Friday, June 14, 2024
HomeCulture WarManacled in the Metaverse, your personal cyber-prison

Manacled in the Metaverse, your personal cyber-prison


‘NO TV, no web, no mobile phones, no e-mails, no social media … only one domestic BBC radio station, the Home Service,’ wrote Ivor Williams in his brilliant article for TCW Defending Freedom on Saturday. 

But is Big Tech currently seeking to reinstate Second World War-era austerity by stealth, with its creation of the Metaverse – a global Home Service – with meat rations, blackouts, and stay-at-home orders being the vehicles? 

Perhaps it is because the more I contemplate such wildly exaggerated crises as Covid-19 and total climate collapse, the more I feel the pandemic was the dry run for Net Zero, and Net Zero the dry run for a life conducted almost exclusively online. 

The myriad ways in which the universal response to Covid-19 purposefully encouraged more time spent within the unreality of the Internet are abundantly clear.  

With endless lockdown hours to kill, we inevitably spent more time online than ever before – shopping, watching TV and porn, ogling tractors, exercising on Peloton, working, researching home improvements, in online therapy, and in promoting our avatars on social media, not to mention all the additional hours of aimless browsing – increasing exponentially the wealth of the billionaire class pulling the pandemic strings. 

More aspects of healthcare than ever before were transferred online, or earmarked for digital reimagining, and the NHS app – once necessary in England to assert one’s health status in order to rub shoulders en masse – remains the digital passport by which duteous ‘vaccinated’ people may enjoy fuss-free travel in the post-Covid era. For both the vaccinated and unvaccinated however, life has become substantially more QR-codified.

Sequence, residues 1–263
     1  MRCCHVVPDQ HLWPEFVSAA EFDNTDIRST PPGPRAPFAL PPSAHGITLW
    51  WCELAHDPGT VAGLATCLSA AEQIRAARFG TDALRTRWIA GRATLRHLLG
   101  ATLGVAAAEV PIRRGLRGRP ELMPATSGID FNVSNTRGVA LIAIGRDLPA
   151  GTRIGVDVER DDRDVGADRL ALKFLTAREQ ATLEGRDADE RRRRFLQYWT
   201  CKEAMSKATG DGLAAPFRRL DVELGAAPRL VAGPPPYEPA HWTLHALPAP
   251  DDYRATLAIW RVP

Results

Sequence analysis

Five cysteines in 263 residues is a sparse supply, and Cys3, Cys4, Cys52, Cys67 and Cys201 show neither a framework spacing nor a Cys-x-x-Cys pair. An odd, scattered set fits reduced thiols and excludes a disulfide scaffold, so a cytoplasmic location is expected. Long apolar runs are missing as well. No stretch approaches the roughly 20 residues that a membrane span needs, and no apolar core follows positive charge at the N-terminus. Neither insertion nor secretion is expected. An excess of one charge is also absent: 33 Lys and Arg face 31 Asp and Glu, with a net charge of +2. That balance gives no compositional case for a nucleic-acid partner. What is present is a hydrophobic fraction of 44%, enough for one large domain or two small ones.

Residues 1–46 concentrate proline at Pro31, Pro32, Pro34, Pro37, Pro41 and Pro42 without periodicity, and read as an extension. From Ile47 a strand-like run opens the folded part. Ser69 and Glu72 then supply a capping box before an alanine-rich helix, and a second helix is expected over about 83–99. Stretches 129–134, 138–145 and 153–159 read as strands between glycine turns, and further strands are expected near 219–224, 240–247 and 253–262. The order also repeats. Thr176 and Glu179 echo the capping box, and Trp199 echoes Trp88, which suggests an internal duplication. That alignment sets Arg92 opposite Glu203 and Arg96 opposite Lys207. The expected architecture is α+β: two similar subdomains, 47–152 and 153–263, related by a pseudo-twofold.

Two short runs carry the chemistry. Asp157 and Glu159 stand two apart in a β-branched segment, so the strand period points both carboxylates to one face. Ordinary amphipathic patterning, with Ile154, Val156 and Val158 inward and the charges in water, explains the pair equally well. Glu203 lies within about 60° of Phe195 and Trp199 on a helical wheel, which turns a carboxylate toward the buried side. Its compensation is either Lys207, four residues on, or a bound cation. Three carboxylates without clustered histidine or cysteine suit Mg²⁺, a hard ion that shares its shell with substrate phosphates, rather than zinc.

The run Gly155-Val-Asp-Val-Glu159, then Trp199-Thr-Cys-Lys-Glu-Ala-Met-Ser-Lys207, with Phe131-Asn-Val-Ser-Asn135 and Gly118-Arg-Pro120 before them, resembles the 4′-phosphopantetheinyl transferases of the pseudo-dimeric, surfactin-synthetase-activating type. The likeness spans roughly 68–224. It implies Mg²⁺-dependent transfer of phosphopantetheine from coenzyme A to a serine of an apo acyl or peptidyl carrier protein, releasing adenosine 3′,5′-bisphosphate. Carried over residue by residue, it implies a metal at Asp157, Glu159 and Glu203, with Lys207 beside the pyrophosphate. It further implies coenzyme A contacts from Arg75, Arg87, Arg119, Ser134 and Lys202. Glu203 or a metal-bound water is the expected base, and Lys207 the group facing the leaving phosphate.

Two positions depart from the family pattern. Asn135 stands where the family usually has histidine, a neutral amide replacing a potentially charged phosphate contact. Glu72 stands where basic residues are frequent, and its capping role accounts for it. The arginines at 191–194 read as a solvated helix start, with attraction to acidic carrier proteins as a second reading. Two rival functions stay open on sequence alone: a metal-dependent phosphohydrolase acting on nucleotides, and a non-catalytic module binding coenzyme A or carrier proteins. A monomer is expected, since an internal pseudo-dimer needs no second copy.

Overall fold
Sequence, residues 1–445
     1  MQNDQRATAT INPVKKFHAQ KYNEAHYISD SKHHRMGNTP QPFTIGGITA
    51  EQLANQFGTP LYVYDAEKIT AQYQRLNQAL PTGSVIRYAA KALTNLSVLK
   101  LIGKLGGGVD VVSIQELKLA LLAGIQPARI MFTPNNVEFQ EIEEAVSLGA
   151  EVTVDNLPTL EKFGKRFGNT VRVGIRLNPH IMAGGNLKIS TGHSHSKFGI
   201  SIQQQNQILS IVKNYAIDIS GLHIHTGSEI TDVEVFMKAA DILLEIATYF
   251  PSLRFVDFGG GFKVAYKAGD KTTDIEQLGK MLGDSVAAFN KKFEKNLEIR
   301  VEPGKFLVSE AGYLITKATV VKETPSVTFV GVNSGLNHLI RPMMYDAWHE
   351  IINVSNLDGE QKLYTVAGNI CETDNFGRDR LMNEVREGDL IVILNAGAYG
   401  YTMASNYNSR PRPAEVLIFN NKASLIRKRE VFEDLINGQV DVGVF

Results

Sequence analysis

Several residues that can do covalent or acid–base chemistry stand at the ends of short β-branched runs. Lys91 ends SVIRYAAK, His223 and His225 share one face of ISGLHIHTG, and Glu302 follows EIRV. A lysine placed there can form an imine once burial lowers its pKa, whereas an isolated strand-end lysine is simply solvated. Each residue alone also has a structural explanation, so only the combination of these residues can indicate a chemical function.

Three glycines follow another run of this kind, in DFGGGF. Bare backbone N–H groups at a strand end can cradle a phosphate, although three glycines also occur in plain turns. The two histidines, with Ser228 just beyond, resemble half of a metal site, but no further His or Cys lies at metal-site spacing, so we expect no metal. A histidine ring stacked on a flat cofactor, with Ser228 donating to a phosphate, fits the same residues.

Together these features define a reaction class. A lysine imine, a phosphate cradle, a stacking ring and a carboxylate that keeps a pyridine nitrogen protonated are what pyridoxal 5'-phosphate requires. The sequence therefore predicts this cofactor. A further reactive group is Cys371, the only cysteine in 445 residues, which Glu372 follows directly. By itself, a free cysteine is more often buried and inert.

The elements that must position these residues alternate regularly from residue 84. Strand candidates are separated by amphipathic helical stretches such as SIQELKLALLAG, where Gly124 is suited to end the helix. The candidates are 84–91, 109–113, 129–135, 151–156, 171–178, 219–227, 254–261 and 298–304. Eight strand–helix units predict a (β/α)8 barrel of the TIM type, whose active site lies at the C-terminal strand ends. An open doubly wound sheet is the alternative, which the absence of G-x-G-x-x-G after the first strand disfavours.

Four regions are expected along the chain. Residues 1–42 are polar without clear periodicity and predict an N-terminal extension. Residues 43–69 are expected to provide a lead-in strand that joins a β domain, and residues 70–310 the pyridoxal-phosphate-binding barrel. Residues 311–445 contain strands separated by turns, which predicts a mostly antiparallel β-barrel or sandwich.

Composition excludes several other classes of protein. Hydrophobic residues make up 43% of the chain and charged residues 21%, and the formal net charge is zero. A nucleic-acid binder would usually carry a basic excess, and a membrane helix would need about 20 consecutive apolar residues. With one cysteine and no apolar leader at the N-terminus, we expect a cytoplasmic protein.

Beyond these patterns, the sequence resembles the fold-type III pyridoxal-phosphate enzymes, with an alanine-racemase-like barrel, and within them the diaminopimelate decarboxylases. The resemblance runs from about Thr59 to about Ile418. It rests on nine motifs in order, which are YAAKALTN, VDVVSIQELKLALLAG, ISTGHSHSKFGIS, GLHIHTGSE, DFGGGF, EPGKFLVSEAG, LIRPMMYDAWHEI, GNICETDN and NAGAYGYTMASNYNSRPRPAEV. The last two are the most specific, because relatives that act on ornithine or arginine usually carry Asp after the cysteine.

Governments around the world, and their billionaire Transhumanists puppeteers, now know exactly to what degree the modern global population will tolerate interference in their lives and morals, how much coercion this entails, and exactly how to engineer a collective willingness to partake in Big Pharma’s ongoing clinical trials, those conducted not within research facilities, but in daily life. 

These people have tested the boundaries of our endurance and remain hungry to continue experimenting, moving the electrified fencing of our self-determination ever further inwards so that we may more easily frazzle ourselves upon it, in an ever-decreasing circular prison – which paradoxically we help erect with our compliance. Are we now addicted to the shocks? 

Pursuit of Net Zero I anticipate to be far, far worse than Zero Covid when it comes to modifying people’s behaviour in preparation for the Metaverse proper. However, perhaps this process will not prove so abrupt as was the British government’s pursuit of natural herd immunity to Covid one day, to then hitting the panic-button of lockdowns the next (the lack of any internal government panic notwithstanding). 

By this I mean that in a future dictated strictly by climate policy (and intermittently punctuated by increasingly harder and faster public health interventions) wherein freedom of choice, consumption, movement, thought, opinion and behaviour must necessarily be restricted pandemic-style in the interests of national and global ‘security’, then just what shall remain left for the general populace – persistently encouraged to work from home on laptops, no less – to do with their leisure time, other than spend an increasing amount of it online in a 3D version of the Internet?